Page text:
Psychogenic Theory

In the 18th and 19th centuries, as medical advances brought forth an updated view of the biological underpinnings of abnormality, a new theory also developed. Psychogenic theory views the cause of abnormality as psychological problems.

Of those who believe in psychogenesis, perhaps the most famous and influential was Sigmund Freud. Freud and his followers believed that much mental illness could be explained in the conflict between the subconscious and conscious personalities. For example, Freud might view the cause of depression to be unfulfilled subconscious desires. Many famous psychologists, including Carl Jung and Jean Piaget, developed their own theories of normality and abnormality that were heavily influenced by Freud.

Institutions and Reforms

The first asylum for the mentally ill was probably in the Islamic world in the first century, but they became more common in Europe during the Middle Ages. However, these institutions were not great places. The facilities were unsanitary, and treatments involved sometimes horrifying experiments. One of the most notorious asylums was Bedlam, which was in London. Descriptions of Bedlam from the 18th century show a place of inhumane treatment. During the day, the patients were left to wander in the yard, where tourists and schoolboys watched them and poked fun. At night, they were chained up.

Across the English Channel in Paris, Dr. Philippe Pinel worked as a physician in a mental institution. Horrified by the treatment of patients, Pinel and his predecessor Jean-Baptiste Pussin began a humanitarian movement in the treatment of the mentally ill. They removed the chains from patients who were considered dangerous.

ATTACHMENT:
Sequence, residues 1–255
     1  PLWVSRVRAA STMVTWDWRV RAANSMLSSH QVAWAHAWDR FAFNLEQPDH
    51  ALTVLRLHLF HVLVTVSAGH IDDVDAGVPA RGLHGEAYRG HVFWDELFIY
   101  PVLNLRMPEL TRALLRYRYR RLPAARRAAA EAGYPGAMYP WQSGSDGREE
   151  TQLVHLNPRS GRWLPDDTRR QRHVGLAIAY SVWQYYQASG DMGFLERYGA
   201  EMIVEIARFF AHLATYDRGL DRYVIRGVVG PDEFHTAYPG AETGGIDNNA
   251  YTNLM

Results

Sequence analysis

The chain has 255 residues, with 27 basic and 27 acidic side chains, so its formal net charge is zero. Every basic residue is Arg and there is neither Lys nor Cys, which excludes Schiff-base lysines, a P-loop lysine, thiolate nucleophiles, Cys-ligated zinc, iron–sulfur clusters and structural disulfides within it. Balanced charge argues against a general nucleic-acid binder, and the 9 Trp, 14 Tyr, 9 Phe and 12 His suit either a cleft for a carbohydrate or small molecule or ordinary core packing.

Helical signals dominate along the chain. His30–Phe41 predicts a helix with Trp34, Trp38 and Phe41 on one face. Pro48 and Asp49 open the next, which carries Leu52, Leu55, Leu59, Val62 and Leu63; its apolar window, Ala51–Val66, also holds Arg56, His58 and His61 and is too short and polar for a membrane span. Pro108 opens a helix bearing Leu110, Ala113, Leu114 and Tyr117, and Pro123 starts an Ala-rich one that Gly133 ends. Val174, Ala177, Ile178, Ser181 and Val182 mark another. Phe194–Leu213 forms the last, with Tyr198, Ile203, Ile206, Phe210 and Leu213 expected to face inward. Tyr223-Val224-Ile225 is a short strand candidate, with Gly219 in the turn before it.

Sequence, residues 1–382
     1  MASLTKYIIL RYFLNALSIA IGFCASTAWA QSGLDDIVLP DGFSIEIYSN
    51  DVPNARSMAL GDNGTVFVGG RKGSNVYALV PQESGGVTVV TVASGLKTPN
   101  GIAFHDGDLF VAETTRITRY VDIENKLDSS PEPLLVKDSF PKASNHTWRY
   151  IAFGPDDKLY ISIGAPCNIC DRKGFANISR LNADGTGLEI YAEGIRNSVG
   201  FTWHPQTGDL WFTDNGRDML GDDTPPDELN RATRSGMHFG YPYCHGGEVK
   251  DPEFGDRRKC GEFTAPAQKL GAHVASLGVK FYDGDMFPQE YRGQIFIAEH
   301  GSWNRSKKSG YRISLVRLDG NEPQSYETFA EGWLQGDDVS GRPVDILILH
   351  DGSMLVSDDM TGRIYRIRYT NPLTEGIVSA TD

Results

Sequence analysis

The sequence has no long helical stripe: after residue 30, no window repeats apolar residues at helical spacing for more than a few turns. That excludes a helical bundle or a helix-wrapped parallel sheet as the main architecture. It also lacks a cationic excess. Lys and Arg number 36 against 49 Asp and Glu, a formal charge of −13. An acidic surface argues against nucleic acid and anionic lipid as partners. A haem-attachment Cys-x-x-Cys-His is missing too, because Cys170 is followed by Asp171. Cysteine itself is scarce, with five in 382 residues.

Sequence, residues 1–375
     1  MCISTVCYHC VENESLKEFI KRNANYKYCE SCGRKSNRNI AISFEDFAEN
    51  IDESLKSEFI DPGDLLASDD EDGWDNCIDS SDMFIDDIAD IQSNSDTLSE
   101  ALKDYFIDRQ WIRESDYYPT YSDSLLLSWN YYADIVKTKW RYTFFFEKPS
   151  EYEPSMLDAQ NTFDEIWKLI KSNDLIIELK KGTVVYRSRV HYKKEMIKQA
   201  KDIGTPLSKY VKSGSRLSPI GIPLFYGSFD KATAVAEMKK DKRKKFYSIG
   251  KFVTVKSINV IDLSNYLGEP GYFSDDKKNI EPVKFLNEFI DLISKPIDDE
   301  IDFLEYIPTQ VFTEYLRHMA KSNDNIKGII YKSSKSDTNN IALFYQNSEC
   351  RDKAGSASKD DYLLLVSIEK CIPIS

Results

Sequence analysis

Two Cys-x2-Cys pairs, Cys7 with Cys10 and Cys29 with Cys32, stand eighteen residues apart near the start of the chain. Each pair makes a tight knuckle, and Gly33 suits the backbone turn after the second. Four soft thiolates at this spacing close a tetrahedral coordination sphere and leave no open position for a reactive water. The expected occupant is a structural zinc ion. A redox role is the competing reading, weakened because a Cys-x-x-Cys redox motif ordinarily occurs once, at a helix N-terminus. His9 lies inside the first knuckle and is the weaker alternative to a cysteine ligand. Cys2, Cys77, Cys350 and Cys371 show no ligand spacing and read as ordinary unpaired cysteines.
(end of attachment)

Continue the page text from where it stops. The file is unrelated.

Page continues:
To the surprise of many people, the men became gentler when treated with kindness and released from chains. The success of Pinel and Pussin led others to join the humanitarian movement, including William Tuke in England and Dorothea Dix in the United States. Slowly, the conditions in institutions became better.

Lesson Summary

The way people have viewed abnormality through history has changed and evolved. For many years, mental illness was viewed in terms of demonology, witchcraft and spiritualism. This led to a stigma based on the belief that the mentally ill were evil or weak.

In the 19th century, psychologists like Sigmund Freud developed psychogenic theory, which says that mental illness is a result of psychological issues. The history of mental institutions is a dark one, with many patients being mistreated. However, starting in the 18th century, humanitarian reforms of mental institutions helped safeguard the safety of the mentally ill.

Learning Outcomes

Following this lesson, you will be able to:

  • Summarize how the mentally ill have been treated throughout history
  • Describe theories of abnormality that were based on demonology and witchcraft
  • Explain the development of psychogenic theory
  • Identify major players in mental institution reform